Breast cancer screenings decreased in 2020. Here's why early detection is important.
FORT WALTON BEACH — When Shannon Lehman, 48, found out she had been diagnosed with stage two breast cancer, her first thought was “Am I going to die? And what do I need to do to not die?”
Lehman was diagnosed with breast cancer this spring, making her one of 2.3 million women who were diagnosed with breast cancer last year. However, fewer women have been getting screened for breast cancer because of the COVID-19 pandemic.
As breast cancer awareness is again brought to the forefront during October, physicians and survivors like Lehman encourage women to either get checked or start performing self-examinations.
“People are not coming as much for a variety of reasons,” said Dr. Bradley Brobeck, a radiologist at Fort Walton Beach Medical Center. “We want women to get back on their regular yearly cycle to maximize that sensitivity in catching things that are in the early phases, where we have a better cure rate.”
The American Cancer Society recommends that women without symptoms start getting screened for breast cancer on a yearly basis around the age of 40. Most insurance carriers will cover a mammogram once a year for women over 40.
The importance of early detection
Lehman accidentally discovered that something was wrong after noticing blood on her chest one day.
“I was overdue for a mammogram, and then 2020 happened, so everything got behind,” she said. “What happened was I happened to have on a white bra one day and I noticed on my right side it looked like there was dried blood on it.”
Thinking that was strange, Lehman began feeling around her chest and noticed that one side of her breast felt very hard. Had she been doing monthly self-examinations, Lehman said she believes she would have found the lump sooner.
“We occasionally have women come in that have a palpable lesion that they discover on their own, which is an important way for detection of breast cancer,” Brobeck said.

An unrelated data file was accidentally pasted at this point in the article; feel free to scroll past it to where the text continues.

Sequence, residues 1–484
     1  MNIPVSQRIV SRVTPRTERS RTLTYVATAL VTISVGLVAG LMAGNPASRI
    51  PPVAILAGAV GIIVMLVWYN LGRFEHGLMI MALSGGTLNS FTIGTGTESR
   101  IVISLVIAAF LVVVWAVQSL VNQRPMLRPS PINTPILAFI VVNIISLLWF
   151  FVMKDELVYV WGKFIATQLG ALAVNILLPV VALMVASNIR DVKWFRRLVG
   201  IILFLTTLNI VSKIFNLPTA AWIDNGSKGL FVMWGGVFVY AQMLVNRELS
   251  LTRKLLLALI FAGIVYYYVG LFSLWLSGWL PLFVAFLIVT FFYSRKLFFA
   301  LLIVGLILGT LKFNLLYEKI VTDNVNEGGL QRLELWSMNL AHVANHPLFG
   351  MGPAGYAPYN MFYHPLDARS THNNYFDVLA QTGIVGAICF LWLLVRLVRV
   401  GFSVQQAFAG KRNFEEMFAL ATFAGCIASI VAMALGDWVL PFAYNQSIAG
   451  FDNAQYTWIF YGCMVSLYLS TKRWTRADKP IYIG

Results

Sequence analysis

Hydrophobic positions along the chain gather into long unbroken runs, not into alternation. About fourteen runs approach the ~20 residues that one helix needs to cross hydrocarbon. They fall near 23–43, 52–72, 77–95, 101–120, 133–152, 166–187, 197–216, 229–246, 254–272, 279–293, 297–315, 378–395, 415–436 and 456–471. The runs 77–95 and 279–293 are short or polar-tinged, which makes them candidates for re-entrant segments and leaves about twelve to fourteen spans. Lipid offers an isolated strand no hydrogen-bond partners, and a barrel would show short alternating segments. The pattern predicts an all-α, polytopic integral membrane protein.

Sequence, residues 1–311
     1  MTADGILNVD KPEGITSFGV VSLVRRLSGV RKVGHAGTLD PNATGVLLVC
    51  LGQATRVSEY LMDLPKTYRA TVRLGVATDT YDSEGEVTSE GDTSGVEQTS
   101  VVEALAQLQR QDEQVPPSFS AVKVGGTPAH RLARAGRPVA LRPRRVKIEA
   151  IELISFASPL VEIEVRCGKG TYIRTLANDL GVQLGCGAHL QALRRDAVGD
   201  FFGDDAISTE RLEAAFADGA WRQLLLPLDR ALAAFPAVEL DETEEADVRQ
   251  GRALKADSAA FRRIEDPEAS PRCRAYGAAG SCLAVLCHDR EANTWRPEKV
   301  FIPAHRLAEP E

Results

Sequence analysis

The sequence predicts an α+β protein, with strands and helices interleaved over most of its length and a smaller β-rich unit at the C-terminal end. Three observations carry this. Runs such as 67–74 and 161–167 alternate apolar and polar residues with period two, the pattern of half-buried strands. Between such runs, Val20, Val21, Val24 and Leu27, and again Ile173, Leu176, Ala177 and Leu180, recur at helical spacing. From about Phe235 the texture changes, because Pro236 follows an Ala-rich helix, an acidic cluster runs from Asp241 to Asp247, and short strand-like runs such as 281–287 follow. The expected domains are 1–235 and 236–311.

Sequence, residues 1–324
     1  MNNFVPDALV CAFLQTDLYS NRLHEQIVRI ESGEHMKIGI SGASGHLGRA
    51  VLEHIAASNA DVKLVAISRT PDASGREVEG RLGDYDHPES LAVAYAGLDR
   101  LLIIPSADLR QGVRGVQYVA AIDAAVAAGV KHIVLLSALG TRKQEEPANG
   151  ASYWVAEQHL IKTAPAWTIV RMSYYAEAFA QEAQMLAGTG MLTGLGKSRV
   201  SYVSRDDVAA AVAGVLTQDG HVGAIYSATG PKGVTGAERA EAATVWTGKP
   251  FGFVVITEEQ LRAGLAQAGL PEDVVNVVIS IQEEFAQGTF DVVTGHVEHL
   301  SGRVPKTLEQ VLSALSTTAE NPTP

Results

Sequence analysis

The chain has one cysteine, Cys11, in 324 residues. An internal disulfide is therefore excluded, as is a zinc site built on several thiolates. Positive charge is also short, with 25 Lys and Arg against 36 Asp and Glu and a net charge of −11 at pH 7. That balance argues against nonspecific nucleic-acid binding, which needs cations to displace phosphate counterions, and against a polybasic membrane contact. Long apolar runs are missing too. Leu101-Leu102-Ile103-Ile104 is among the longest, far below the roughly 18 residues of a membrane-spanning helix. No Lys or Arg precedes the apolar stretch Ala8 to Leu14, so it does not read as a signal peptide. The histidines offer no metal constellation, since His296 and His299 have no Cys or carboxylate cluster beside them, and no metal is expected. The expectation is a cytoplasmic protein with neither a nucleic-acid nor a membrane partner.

Brobeck said it is recommended that women do a self-examination around the same time each month so they can recognize changes in the density within the breast and any lumps or swelling.
Other symptoms of breast cancer include pain in any area of the breast, redness or flaky skin and, like Lehman experienced, bloody discharge.
“That’s something that you need to get checked out and make sure that there’s nothing underlying what’s causing the discharge,” Brobeck said.
Stage two breast cancer is still considered relatively early. However, physicians typically hope to catch breast cancer in stage one. Brobeck said early detection drastically increases survival rates.
According to the American Cancer Society, when breast cancer is detected early and is in the localized stage, the five-year survival rate is 99%.
“It increases your survivability,” Brobeck said. “If we can catch something in stage one cancer that’s usually under 2 centimeters, you have a much higher survival rate than if you catch something later, or that has already spread to lymph nodes or other parts of the body.”
'I just wanted the cancer out of me'
Lehman said she was devastated when she was diagnosed. Her initial thoughts were focused on survival for her 8-year-old daughter and husband. In May, she had a bilateral mastectomy to remove both breasts, even though only one was diseased.
“When you get diagnosed you’re absolutely terrified of what could happen, so I wasn’t thinking reconstruction,” Lehman said. “I just wanted the cancer out of me.”
Later she found out that her healthy breast had cancerous cells in it, and the decision she had made to remove both of them came as a “big relief.” Although she is now about halfway through the process, Lehman said it still doesn’t seem like she’s anywhere close to done.
In November she will be finished with her last six weeks of chemotherapy. She then has one more surgery, healing and radiation therapy to endure.